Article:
Thursday, March 13, 2008 | 2 a.m.
University Medical Center officials and some Clark County leaders continued Wednesday to defend a pricey hospital contract awarded last year to Dr. Dipak Desai, whose clinics are at the center of an unprecedented infectious disease crisis.
Other county officials, though, criticized the deal, which UMC canceled Tuesday, saying hospital administrators should not have caved in to Desai’s request for a hefty pay increase. One local doctor called the deal a byproduct of UMC’s short-term business mind-set.
“If nobody asks a question, then we just go along,” said Commissioner Chris Giunchigliani. “Shame on us. Shame on me.”
Still, most commissioners backed the decision to grant the contract to Desai, saying there weren’t other options.
Desai and UMC agreed to cancel the contract Tuesday. The hospital wanted out of the deal after health inspectors found that unsafe medical practices at Desai’s Endoscopy Center of Southern Nevada had led to six patients’ contracting hepatitis C at the clinic. Another 40,000 have been notified that they should be tested for infectious diseases.
The contract cancellation, however, raised questions about why Desai and his group got nearly $1 million annually to direct the hospital’s gastroenterology department — more than quadruple the $210,000 they had received for the same work at UMC in 2006.
Hospital officials said Desai and his colleagues unexpectedly pulled out of their former contracts — supposed to run through January 2009 — ostensibly to force a better deal. That left UMC in a bind.
“I felt they were taking advantage of us,” acting UMC Chief Executive Kathy Silver said. “We were in a box.”
Desai had more doctors
The hospital advertised the job, but had only two takers — Desai’s group and another company, Digestive Disease Specialists. Although Desai’s offer was nearly twice as expensive, both proposals cost vastly more than previous contracts. The hospital decided Desai’s proposal was better because the other group would have had to hire additional doctors, which could have taken several months.
Desai initially wanted $1.85 million a year, more than eight times what he and his group had been making, but the hospital negotiated the price down to about $1 million a year. Commissioners approved the deal without discussion in October on their consent agenda, a list of dozens of items passed in a single vote.
A doctor associated with UMC said Desai’s contract illustrates a weakness in the hospital’s practice of signing exclusive contracts with physician groups. UMC gets the coverage it needs, the doctor said, but then all other physicians in the same specialty are shut out and build their practices around other hospitals.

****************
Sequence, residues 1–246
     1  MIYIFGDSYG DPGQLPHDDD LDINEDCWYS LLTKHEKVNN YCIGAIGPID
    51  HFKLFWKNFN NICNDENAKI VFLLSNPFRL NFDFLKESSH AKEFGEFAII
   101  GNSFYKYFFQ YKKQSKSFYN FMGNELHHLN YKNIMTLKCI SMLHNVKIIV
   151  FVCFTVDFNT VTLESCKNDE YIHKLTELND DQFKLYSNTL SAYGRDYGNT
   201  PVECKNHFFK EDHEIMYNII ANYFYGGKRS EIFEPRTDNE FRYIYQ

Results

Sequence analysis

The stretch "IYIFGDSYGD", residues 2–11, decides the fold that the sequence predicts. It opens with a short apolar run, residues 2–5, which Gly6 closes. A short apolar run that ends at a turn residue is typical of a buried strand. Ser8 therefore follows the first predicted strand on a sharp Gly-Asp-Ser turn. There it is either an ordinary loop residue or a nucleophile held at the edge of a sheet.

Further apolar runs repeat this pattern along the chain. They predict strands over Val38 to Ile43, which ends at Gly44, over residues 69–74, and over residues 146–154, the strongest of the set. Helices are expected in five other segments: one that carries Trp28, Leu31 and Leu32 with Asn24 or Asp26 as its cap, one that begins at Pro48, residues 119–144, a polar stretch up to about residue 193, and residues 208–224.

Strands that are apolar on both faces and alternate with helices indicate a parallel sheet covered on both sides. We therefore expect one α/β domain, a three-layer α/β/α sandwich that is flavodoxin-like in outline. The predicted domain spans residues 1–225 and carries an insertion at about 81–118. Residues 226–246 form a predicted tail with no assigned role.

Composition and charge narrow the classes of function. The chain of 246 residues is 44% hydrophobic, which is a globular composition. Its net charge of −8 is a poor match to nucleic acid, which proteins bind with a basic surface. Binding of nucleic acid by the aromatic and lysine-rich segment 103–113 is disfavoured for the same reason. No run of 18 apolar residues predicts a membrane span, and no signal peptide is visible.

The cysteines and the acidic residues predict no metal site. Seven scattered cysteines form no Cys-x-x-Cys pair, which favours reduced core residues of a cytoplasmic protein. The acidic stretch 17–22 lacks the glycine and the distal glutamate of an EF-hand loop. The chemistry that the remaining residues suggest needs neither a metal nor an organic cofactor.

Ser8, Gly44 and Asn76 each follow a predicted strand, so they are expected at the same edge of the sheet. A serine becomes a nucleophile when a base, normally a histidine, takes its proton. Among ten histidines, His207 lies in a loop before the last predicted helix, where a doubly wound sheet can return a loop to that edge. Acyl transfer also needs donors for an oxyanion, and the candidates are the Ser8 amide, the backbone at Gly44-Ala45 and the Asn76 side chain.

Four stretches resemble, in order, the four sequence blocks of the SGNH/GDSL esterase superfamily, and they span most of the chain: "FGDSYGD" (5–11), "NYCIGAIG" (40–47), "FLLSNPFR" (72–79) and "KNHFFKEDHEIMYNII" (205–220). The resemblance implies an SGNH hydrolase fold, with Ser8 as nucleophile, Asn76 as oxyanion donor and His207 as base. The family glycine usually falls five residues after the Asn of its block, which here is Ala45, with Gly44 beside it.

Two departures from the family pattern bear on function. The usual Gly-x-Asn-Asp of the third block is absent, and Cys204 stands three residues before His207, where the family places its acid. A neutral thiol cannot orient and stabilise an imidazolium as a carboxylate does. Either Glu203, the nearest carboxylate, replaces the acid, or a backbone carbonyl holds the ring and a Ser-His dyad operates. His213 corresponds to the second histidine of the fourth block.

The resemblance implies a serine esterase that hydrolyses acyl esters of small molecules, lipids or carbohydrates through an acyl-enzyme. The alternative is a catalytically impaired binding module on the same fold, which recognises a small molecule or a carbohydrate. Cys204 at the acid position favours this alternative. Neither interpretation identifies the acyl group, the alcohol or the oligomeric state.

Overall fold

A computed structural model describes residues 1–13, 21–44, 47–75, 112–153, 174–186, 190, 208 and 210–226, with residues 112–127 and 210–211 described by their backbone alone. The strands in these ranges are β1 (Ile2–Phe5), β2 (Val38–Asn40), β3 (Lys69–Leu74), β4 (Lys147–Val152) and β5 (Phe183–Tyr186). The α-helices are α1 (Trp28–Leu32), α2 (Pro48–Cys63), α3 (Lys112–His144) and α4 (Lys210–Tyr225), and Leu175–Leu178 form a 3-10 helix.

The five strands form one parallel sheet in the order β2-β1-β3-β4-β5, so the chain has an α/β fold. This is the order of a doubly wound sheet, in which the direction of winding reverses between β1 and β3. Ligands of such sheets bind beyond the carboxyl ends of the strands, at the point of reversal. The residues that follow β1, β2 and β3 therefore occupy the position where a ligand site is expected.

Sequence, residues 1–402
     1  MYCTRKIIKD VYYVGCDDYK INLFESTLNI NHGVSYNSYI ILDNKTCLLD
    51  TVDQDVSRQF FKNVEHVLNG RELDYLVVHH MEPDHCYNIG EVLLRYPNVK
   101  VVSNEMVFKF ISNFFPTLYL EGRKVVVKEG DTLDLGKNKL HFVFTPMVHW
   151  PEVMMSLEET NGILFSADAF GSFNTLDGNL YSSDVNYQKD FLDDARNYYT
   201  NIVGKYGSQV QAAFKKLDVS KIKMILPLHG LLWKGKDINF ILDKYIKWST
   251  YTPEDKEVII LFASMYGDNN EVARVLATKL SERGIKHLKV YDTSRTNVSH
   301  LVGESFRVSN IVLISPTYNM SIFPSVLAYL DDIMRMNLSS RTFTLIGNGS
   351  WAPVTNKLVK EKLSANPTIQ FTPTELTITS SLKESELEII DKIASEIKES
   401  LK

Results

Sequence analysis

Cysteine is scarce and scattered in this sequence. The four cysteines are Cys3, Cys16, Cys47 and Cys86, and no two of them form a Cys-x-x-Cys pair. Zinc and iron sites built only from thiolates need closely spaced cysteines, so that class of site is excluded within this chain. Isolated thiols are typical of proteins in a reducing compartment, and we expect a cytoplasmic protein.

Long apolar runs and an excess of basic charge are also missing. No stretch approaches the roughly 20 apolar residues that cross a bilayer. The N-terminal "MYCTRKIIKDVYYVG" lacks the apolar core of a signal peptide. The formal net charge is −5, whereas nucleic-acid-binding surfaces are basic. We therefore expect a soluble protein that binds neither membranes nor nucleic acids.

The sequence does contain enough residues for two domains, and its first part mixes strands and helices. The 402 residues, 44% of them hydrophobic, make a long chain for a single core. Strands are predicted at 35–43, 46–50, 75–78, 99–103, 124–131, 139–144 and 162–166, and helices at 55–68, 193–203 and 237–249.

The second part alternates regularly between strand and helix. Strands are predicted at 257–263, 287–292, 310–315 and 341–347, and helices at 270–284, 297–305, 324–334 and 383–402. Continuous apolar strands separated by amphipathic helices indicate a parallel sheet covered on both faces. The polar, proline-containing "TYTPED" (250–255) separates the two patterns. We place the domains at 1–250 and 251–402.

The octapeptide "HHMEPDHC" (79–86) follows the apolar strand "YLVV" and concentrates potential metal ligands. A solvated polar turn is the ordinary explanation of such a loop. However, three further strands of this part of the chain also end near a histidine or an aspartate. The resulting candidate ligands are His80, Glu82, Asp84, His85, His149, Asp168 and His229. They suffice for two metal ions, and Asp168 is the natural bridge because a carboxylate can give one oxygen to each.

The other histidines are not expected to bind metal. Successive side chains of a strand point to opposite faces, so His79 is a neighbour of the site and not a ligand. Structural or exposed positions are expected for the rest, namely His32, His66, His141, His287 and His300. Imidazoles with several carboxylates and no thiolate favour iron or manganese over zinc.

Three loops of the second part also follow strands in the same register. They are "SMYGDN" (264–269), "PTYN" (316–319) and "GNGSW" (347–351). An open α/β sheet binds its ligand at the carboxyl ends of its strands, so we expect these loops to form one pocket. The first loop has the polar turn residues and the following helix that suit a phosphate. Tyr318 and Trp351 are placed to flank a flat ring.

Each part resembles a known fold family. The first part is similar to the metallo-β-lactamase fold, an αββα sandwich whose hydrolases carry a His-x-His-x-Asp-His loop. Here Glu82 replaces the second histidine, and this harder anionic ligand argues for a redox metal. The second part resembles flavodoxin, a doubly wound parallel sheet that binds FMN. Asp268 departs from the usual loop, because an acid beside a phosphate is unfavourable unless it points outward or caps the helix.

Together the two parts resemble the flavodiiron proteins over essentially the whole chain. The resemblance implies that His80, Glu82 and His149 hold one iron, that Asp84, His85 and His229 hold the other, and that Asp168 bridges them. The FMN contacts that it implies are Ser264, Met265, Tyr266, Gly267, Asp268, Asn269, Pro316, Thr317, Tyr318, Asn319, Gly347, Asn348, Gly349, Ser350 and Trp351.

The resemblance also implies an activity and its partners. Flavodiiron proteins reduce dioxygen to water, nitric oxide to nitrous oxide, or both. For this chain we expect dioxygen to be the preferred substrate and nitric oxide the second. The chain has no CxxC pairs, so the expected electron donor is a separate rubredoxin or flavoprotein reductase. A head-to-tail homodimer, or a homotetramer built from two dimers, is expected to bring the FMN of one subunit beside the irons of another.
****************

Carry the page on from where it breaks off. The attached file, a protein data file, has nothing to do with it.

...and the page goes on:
The doctor, who spoke on condition of anonymity because he feared his critique could hurt his career, said the hospital set the stage for Desai’s pay increase when it awarded a cardiology contract in December 2006: The hospital went from a $1 million-a-year deal with one group to a $5 million-a-year contract with Nevada Heart and Vascular, a contract Silver has defended repeatedly.
That sizable jump led other specialists who contract with UMC to realize they, too, could get substantially more money from the hospital, the doctor said.
Though the doctors are simply making shrewd business moves, the agreements are short-term fixes not in the hospital’s best interests, the physician said.
Hospital officials, however, say UMC has little choice because it’s responsible for providing care to those without insurance. Most doctors won’t see such patients without additional compensation, officials say.
Las Vegas gastroenterologist Dr. Frank Nemec looked at Desai’s new contract and said: “He was asking for more because he could.”
More money, same deal
The new contract appears no different from the one for the work Desai’s group was already doing at UMC, Nemec said. But it was difficult for other groups to compete with Desai, because almost every new gastroenterologist who came to Las Vegas would join him. Desai’s practice was making more money — apparently through the same efficiencies that got him into trouble — so he could pay more, Nemec said.
That made his practice the largest in Las Vegas, and only a big group could handle the UMC contract, Nemec said.
Nemec said UMC probably could have hired two full-time gastroenterologists in-house for the amount it was paying Desai’s group — and kept the billing as well. The problem is, it’s difficult to recruit a gastroenterologist, he said.
Silver said the gastroenterology contract required about 2.5 full-time physicians to staff the department. Noting that many gastroenterologists earn $350,000 to $400,000 annually, she said in-house staffing, at that rate, would cost $875,000 to $1 million, about what Desai and his group were being paid.
But after canceling the deal Tuesday, UMC is now in exactly the situation hospital officials paid so much to avoid last year.
Silver said the hospital is scrambling to set up a temporary call schedule to cover gastroenterology needs at UMC and is seeking help from the University of Nevada School of Medicine.
The hospital plans to discuss covering the workload with physicians who worked for Desai’s company, Silver said. Some physicians who have not been implicated in any wrongdoing and practiced at UMC under Desai’s contract are likely looking for jobs and might be willing to provide the services for less money, she said.
“We are going to try to tap as many resources as we can,” Silver said.
Ultimately, the hospital will likely issue another formal request for proposals, she said.